the lost charisma of capitalism
Q4.23 LP update excerpt
My main learning after a full year of Moth Fund has been to bet on unabashed capitalists. Having grown up in an area of Northern California dominated by hippies, this was a breed of human I’d barely been exposed to. Where I’m from, capitalism is seen as evil and a system no “morally pure” person succeeds within.
This is obviously wrong, something I learned over the last year with every Zoom call I had with a kind capitalist. Cracks started to appear in the story I had been telling myself once I got to know successful entrepreneurs who seemed to not only be good people, but to be extra good actors, using their money to make more positive impact than they could have without it. My takeaway was that capitalism is extremely effective at giving action-oriented people with a vision for how the world could be better the resources they need to scale their ideas to become widely available. To put it simply, I became market-pilled by seeing the market work its magic right in front of me.
But it was the technologists themselves and their positive sum nature that I found myself most fascinated by. In contrast to zero-sum industries such as manufacturing that give capitalism a bad rap with their many negative externalities (namely emissions), it seemed to be a different, much more promising story for positive-sum industries like technology. Over time, I codified three ways of classifying the technologists I met by their actions and altruism — the throughline to all three archetypes being a shared enthusiasm for creative ideas, progress, and creating a better world. Through the process, I became obsessed with understanding the defining aspect of the successful entrepreneur — their commercial aptitude.
Part 1: Types of Technologists
Researchers. The people who come up with big ideas that push progress forward are often researchers. They’re non-commercial and satisfied with their contributions existing only in theory land. Researchers are instrumental at the beginning of a discipline’s creation but generally become less useful as the field matures and commercializes. Researchers are commonly found in academia, gain respect by writing and publishing their ideas, and usually make far better smart friends than they do venture investments. Researchers are often the biggest critics of the commercialization of their ideas — sometimes because they are thinking on longer timespans and other times because they are jealous of others profiting from their work. The best example of the researcher archetype is Alan Turing, one of the pioneers of (theoretical) computer science whose contributions include Turing machines, the Church-Turing thesis, the concept of undecidability, and the Turing test — all of which are still being applied to both research and commercial contexts to this day.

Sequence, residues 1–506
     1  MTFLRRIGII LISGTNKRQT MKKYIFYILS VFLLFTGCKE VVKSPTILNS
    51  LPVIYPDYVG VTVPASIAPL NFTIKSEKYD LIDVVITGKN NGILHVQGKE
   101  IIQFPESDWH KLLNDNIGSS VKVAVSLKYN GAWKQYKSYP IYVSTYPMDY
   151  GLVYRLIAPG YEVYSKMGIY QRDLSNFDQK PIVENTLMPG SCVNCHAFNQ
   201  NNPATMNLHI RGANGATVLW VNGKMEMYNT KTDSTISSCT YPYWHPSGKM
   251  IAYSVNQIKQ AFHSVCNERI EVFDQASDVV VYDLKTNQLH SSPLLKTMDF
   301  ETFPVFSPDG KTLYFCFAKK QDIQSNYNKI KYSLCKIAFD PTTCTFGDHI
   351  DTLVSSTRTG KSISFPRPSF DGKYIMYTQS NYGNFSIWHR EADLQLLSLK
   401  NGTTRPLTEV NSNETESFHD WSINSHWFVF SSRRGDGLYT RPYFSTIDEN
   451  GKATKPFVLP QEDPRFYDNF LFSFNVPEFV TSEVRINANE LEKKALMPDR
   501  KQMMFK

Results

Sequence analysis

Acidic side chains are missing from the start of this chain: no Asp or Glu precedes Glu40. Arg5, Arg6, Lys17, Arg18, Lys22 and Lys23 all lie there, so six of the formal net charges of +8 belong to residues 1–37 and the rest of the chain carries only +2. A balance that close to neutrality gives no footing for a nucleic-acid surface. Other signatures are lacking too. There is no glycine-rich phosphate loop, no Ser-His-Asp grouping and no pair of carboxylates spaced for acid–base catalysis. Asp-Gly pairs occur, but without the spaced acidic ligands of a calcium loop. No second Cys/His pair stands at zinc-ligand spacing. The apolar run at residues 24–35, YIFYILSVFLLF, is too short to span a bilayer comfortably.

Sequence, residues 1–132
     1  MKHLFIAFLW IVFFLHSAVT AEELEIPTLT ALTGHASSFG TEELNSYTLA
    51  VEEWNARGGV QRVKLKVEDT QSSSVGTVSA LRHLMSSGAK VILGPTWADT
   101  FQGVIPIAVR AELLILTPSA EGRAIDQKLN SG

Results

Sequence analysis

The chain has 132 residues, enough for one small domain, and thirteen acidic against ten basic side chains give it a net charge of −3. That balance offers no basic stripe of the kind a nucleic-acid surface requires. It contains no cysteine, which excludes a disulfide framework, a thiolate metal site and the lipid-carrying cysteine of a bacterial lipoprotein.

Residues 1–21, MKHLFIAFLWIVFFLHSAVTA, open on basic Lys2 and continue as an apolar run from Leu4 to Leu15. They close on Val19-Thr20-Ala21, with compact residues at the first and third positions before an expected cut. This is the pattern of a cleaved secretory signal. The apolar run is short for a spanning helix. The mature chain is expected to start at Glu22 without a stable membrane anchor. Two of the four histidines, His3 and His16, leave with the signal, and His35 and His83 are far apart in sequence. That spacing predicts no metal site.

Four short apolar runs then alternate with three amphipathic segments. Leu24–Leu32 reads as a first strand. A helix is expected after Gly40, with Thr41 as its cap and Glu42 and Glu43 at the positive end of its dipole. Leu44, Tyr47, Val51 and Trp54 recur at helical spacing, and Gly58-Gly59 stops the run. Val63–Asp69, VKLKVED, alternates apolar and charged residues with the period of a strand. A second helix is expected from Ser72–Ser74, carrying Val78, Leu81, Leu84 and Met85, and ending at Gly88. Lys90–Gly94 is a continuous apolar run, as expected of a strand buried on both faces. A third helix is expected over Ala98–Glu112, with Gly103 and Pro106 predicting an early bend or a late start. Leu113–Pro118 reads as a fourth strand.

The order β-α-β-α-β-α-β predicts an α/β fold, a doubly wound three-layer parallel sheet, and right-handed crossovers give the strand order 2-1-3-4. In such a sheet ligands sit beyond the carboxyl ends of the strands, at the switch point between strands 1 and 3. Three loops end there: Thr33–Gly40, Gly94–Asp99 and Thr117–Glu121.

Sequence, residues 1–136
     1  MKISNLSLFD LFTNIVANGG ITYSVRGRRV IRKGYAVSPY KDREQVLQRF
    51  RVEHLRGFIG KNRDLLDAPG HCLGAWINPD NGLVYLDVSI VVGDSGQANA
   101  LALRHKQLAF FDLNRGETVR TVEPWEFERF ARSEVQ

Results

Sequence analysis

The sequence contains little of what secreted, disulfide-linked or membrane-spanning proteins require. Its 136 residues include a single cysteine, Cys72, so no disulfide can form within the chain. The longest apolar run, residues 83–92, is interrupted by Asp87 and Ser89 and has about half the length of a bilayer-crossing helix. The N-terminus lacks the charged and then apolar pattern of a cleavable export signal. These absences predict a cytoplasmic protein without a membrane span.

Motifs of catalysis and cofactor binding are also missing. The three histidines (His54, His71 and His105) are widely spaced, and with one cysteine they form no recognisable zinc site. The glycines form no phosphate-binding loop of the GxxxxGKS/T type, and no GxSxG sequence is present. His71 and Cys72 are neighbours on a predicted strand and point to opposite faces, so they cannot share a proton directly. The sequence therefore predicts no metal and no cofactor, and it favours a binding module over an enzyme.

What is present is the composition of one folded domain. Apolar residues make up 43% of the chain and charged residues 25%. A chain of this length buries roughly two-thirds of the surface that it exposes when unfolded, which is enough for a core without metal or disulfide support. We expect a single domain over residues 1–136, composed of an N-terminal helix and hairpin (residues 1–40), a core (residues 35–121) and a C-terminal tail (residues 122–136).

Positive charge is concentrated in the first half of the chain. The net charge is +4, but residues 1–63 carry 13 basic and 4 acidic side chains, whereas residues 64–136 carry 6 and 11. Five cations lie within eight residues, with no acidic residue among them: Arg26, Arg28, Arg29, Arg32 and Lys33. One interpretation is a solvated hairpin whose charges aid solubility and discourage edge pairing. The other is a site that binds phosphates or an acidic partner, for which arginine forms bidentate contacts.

Hackers. These are non-commercial people who like making stuff. They’re executors and craftspeople — the creators of open-source projects who generally capture very little of the value that they create. Hackers are perfectly fine with this — for them, it’s much more about making the idea in their head real than it is about profiting from or growing it. Their technical skill makes them fully capable of building a thing that they materially benefit from, but they don’t want to scale the things they build because of how it changes the way they feel about the work (instead, they often make excellent founding engineers). This is why hackers can be one of the most frustrating archetypes to a venture investor — they’re so close to being a brilliant founder yet their inability or unwillingness to be commercial often limits what they build from ever reaching venture scale. The most infamous hackers are the ones whose anti-capitalist ideologies got them into trouble — namely Aaron Swartz, a co-founder of Reddit with a hacker heart who believed that everyone has a right to access publicly funded research and ultimately died from the consequences of that belief.
Entrepreneurs. The epitome of commerciality is embodied by the entrepreneur. They’re the weird, obsessive, extreme ones who always bias towards action and believe themselves to be outlier enough to win. Entrepreneurs shamelessly want to capture every bit of the value they create and usually believe that doing so will allow them to do even more for the people they’re serving and selling to. They’re the ones who are constantly guessing how much people would hypothetically pay for something and often know a weird amount about the companies they do business with. The best entrepreneurs are excellent at prioritizing what will make them the most money long-term and generally don’t get distracted by irrelevant details or intelligence games like jargon. Jeff Bezos is a great example of this archetype; Amazon has been explicitly hyper-commercial from the start by focusing solely on long-term growth and serving its customers.
Analyzing these archetypes and making calculated bets on where the money will be made is the job of the investor (and within technology, primarily the venture capitalist). Investors are separate from researchers, hackers, and entrepreneurs in that they are critical over creative — yet still share the commercial mindset of the entrepreneur. The work of the investor takes place mainly in their head since their only direct output is their decisions. These are the people who walk into a room and immediately size up square footage and deduce the margins of the business in question. They think about the world in terms of money and are frequently a little impatient. Investors have enough risk tolerance to put their money where their mouth is regarding what they think the future holds on the technological frontier, but not enough conviction to place a single bet on one idea. But at a baseline, they believe they want and deserve to win, unlike researchers and hackers. The investor mindset is best epitomized by Warren Buffet, who Alice Schroeder described as “able to see the essence of a business model as if you see an animal and he sees its DNA. He isn't interested in whether it's furry, all he sees is whether it can run and how well it will reproduce, the two key elements that determine whether its species will survive.”